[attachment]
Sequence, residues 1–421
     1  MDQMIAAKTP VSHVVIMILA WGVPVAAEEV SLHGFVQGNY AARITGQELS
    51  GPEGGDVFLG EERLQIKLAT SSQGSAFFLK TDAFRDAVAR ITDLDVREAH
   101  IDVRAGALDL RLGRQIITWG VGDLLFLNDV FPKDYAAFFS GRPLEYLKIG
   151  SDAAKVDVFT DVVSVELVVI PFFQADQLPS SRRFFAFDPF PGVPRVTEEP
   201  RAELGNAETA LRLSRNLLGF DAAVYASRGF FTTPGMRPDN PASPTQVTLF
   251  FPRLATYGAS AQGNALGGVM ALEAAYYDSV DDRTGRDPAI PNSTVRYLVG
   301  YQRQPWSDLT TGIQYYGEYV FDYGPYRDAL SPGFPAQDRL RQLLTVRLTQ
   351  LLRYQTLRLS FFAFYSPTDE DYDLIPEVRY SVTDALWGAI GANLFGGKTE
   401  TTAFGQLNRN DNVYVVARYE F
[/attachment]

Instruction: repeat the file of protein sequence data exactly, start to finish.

Sequence, residues 1–421
     1  MDQMIAAKTP VSHVVIMILA WGVPVAAEEV SLHGFVQGNY AARITGQELS
    51  GPEGGDVFLG EERLQIKLAT SSQGSAFFLK TDAFRDAVAR ITDLDVREAH
   101  IDVRAGALDL RLGRQIITWG VGDLLFLNDV FPKDYAAFFS GRPLEYLKIG
   151  SDAAKVDVFT DVVSVELVVI PFFQADQLPS SRRFFAFDPF PGVPRVTEEP
   201  RAELGNAETA LRLSRNLLGF DAAVYASRGF FTTPGMRPDN PASPTQVTLF
   251  FPRLATYGAS AQGNALGGVM ALEAAYYDSV DDRTGRDPAI PNSTVRYLVG
   301  YQRQPWSDLT TGIQYYGEYV FDYGPYRDAL SPGFPAQDRL RQLLTVRLTQ
   351  LLRYQTLRLS FFAFYSPTDE DYDLIPEVRY SVTDALWGAI GANLFGGKTE
   401  TTAFGQLNRN DNVYVVARYE F